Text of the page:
Posts Tagged ‘Pedagogy’

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A Sequence on Sequencing: How? (Part III)

posted: 4.1.15 by Barclay Barrios

There is one more approach to sequencing you can use.  I don’t tend to use because, well, I think you’ll see…

We’ve included nine sequences in Emerging, many with options built in for alternate readings and assignments.  So a third method of making your “own” sequence is to modify one of the sequences that’s in Emerging. [read more]

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Categories: Assignment Idea, Barclay Barrios, Emerging
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A Sequence on Sequencing: How? (Part II)

posted: 3.25.15 by Barclay Barrios

Last time I talk about forming a sequence around a particular reading, but one of the things I love most about this approach to my teaching is that it allows me to respond to things going on in the world right now.  And so a second approach to sequencing is to start with a current event or topic and then build a sequence that explores that issue.  Not only does this method help students to see how what we do in the classroom connects to the world around them but it also offers me the chance to bring in any number of small supplemental texts from the media. [read more]

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Categories: Assignment Idea, Barclay Barrios, Emerging, Pedagogy
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A Sequence on Sequencing: How? (Part I)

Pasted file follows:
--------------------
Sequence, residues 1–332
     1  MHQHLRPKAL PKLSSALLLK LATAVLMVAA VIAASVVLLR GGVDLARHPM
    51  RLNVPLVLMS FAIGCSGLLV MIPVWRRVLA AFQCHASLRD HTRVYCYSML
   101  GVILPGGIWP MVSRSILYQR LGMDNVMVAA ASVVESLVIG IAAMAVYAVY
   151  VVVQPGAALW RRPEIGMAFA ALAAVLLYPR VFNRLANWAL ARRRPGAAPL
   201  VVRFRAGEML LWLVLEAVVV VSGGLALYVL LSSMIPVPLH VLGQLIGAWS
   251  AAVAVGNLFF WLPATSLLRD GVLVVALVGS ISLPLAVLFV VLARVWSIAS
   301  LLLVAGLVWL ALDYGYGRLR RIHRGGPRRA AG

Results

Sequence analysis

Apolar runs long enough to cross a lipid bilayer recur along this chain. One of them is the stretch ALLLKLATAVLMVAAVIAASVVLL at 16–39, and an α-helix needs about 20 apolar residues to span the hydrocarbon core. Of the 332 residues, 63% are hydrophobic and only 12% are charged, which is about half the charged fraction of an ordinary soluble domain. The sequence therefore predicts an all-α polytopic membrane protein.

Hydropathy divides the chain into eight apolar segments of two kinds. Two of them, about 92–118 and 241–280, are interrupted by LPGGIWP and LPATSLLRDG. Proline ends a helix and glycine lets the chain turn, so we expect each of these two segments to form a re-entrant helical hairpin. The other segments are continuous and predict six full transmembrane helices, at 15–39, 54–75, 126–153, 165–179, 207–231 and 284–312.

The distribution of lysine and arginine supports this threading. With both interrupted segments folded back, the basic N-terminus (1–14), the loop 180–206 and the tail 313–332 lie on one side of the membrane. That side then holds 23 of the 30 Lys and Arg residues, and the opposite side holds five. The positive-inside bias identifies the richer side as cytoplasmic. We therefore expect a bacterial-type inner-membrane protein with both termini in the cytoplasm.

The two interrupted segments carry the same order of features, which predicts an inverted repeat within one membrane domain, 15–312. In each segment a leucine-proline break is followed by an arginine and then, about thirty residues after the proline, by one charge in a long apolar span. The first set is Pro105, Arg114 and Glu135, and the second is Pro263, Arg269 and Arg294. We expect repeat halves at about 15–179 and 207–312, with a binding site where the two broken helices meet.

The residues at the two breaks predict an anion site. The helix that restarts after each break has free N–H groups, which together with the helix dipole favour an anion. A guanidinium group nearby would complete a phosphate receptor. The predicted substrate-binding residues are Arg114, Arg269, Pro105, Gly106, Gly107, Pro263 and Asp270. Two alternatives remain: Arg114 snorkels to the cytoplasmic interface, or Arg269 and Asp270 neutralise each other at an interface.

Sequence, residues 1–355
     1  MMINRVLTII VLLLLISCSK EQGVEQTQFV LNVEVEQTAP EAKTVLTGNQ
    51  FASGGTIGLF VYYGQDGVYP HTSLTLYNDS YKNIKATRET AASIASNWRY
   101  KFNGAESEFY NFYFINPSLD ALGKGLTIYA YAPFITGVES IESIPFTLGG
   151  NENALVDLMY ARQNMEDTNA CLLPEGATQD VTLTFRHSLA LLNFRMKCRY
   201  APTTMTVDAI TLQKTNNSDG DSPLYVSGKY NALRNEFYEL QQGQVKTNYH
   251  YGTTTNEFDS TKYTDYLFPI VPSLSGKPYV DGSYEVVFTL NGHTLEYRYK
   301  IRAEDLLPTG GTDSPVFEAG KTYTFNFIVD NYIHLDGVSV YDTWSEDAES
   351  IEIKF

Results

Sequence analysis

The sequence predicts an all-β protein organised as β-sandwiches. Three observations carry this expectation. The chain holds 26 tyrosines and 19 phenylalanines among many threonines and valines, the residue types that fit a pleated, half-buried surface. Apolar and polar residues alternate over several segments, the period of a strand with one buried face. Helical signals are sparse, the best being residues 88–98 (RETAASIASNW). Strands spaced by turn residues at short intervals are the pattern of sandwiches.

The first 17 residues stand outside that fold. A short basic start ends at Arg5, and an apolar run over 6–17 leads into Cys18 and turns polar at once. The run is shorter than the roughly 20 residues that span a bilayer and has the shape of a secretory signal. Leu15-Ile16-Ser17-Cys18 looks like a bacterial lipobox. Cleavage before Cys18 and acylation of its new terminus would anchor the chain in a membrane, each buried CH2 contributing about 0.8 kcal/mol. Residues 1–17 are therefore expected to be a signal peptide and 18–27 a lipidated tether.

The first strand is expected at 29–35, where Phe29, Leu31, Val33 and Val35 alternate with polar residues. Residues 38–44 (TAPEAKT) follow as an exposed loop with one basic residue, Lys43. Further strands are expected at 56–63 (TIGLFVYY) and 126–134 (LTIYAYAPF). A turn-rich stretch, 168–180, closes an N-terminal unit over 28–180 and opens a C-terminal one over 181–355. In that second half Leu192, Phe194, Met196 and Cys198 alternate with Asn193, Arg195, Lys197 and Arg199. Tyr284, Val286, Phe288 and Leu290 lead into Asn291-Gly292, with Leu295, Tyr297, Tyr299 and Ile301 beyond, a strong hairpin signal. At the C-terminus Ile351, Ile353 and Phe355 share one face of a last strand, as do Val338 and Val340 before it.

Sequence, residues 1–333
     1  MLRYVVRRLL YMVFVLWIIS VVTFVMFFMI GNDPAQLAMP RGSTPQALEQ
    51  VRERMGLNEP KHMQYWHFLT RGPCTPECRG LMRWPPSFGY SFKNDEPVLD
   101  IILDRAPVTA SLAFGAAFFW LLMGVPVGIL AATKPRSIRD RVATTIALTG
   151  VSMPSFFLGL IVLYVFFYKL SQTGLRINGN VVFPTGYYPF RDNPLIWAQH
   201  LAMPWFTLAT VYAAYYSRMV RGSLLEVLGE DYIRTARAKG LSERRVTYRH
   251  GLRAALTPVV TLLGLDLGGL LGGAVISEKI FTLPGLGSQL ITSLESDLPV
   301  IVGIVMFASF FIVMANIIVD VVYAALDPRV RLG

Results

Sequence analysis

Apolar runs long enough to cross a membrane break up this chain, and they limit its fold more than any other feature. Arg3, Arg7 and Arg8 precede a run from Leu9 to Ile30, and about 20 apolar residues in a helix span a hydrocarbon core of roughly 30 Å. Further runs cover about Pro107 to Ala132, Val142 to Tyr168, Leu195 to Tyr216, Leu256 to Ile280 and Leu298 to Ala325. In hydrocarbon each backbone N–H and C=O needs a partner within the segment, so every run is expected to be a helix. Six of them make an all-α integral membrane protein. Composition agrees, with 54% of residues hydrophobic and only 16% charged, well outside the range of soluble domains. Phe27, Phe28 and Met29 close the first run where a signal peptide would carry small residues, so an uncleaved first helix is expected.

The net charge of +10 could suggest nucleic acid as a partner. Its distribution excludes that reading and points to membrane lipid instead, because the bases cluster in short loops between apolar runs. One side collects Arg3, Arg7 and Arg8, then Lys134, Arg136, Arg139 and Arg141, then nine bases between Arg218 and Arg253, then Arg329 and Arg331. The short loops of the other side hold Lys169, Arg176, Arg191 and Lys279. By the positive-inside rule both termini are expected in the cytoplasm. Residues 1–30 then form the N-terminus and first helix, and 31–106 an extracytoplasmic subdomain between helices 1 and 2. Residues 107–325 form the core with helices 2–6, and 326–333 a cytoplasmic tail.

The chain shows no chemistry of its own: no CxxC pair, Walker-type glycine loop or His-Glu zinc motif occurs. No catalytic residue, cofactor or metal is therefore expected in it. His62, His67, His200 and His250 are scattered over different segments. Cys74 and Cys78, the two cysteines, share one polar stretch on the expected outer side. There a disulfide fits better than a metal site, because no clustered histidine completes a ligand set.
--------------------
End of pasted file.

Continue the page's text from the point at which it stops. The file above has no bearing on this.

posted: 3.18.15 by Barclay Barrios

Last post I talked about why I choose to sequence assignments.  In the next several posts I’d like to offer some techniques I’ve found useful in designing sequences so that you can create your own.

One of the methods I use is reading centered.  I start with a reading I really want to teach and then I build out the sequence from there.  Given the shape of our semester we can usually cover four readings.  I like to use the following pattern for assignments: [read more]

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Categories: Assignment Idea, Barclay Barrios, Emerging, Pedagogy
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A Sequence on Sequencing: What and Why?

posted: 3.11.15 by Barclay Barrios

I chose a sequencing approach to the assignments in Emerging.  I thought it might be useful to talk a little bit about why I made that decision, so over the next few posts I hope to offer you an introduction to assignment sequencing—and also some tips on how to make your own sequences.  [read more]

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Categories: Assignment Idea, Barclay Barrios, Emerging, Pedagogy
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Online Classes

posted: 2.25.15 by Barclay Barrios

It’s always surprised me that I don’t teach online.  I am a tech-heavy guy, often an early adopter, and much of my work has involved computers and composition.  But I tried teaching a writing course online once and, frankly, I thought it was a disaster.  Granted, I was doing it somewhere around the turn of the millennium; I’m certain the technology has changed since then.  But I’ve been stubbornly dead set against writing instruction online for most of my career.

That must change. [read more]

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Categories: Barclay Barrios, Pedagogy, Teaching with Technology